TV presenter Mollie King backs campaign to protect endangered UK species

Radio and TV presenter, Mollie King, is backing a campaign to protect UK species on the verge of extinction. The Radio 1 star, who has been vocal about the protection of animals in the past – including reporting exploitation seen abroad by tourists – now wants to shine a light on animals that could be wiped out within the UK.

She explained how one in six species are at risk of extinction in Great Britain if more isn’t done to protect them.

Alongside natural history presenter and president of The Wildlife Trusts, Liz Bonnin, Mollie opened an immersive exhibition, “Habitats of Hope”, at the Horniman Museum and Gardens – which celebrates organisations funded by the National Lottery, that protect endangered species in the UK.

Its launch has aligned with COP28, as nations gather to discuss the escalating climate crisis – which directly threatens almost 1,500 UK native species of plants and animals with extinction.

Mollie said: “I’ve always been a huge animal lover, and what speaks to me is that animals don’t have voices, so it’s important to speak up on their behalf.

“I also support the Born Free Foundation, and one thing I hate to see is animals used in performance, or held in captivity enclosed in small spaces.

“It’s fantastic to have this exhibition to highlight these endangered species, and the work funded by The National Lottery – it’s really important to see what that money is out there doing.

“It’s nice to have moments to celebrate the good things we have done, and to take the chance to say, look what we have managed to achieve.”

Since having Annabella, I’ve seen the planet in a different way, and it’s a concern for me

Mollie King

Former The Saturdays singer Mollie also explained how becoming a mother to daughter Annabella in November 2022, has further fuelled her desire to use her profile to help protect endangered species for years to come.

She said: “Since having Annabella, I’ve seen the planet in a different way, and it’s a concern for me.

“I want to know the world she’s growing up in is safe, and will have nature, and will be able to look after itself.

“She absolutely loves animals. We have a toy poodle at home called Alfie, and her favourite thing is seeing him running out in the garden.

“She’ll be in fits of hysterics, and it’s such a joy to watch. We’re reading Peter Rabbit, and she also loves Paddington Bear, so she’s definitely an animal lover.”

The event, created by immersive artist Georgia Tucker, highlights some of the most at-risk species in the country – including the largest bat in the UK, the Serotine, as well as the rarest reptile, the Smooth Snake.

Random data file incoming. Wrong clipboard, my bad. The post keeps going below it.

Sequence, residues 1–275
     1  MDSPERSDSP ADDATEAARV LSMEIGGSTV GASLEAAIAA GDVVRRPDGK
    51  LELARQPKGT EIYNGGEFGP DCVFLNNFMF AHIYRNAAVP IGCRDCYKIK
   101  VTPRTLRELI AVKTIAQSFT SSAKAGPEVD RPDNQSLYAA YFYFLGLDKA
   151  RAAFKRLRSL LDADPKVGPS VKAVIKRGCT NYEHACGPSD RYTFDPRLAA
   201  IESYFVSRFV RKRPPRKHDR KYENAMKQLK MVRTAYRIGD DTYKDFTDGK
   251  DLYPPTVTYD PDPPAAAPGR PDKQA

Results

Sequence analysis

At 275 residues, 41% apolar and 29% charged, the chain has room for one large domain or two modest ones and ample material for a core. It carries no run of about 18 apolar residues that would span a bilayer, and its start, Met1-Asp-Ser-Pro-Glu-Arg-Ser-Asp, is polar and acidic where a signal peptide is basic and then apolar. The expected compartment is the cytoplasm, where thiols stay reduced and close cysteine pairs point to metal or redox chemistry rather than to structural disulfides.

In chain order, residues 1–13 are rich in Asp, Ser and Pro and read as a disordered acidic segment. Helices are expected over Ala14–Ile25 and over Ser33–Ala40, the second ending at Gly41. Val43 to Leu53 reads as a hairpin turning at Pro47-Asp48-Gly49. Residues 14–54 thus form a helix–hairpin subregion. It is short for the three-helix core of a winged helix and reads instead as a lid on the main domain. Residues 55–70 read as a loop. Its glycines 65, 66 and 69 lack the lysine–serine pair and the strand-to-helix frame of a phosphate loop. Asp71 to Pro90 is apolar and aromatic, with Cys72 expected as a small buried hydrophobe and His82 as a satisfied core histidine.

Fifteen species have been highlighted as being protected from extinction across wetlands, forests, heathlands, and coastal areas, such as the White-Tailed Eagle – the largest bird of prey in the UK, with only 150 breeding pairs remaining.

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Mollie added: “Having looked at the exhibition, it’s drawn my focus to things like the great yellow bumblebee which is at risk of extinction, and some of beetles out there, some of the smaller insects.

“You take it for granted, the importance of what they’re doing in terms of pollination, and all the vital roles they have.

“I think it’s nice to see where the National Lottery money is going. Players raise £30m a week that goes to good causes, and it’s good to see how it’s being spent and put into these amazing projects.

“This conservation project is inspiring, it’s educational, and it’s a great family trip. The earlier you can start explaining this to children, the better. For really little ones, it’s a very sensory experience, with lights and a gorgeous tree to sit under.

“And for older kids, just to introduce them to what’s going on, the work that needs to be done, and the state of the planet – both good and bad – is really important.”

Eilish McGuiness, chief executive of The National Lottery Heritage Fund, said: “The “Habitats of Hope” exhibition spotlights the vital work that our nature organisations do to protect our unique natural heritage.

“Through our new 10-year strategy, Heritage 2033, the National Lottery Heritage Fund will be investing even more in helping nature to recover across both rural and urban landscapes, as well as helping more people to enjoy and connect with nature.

“The exhibition is free to enter, and available to explore until the December 10.”

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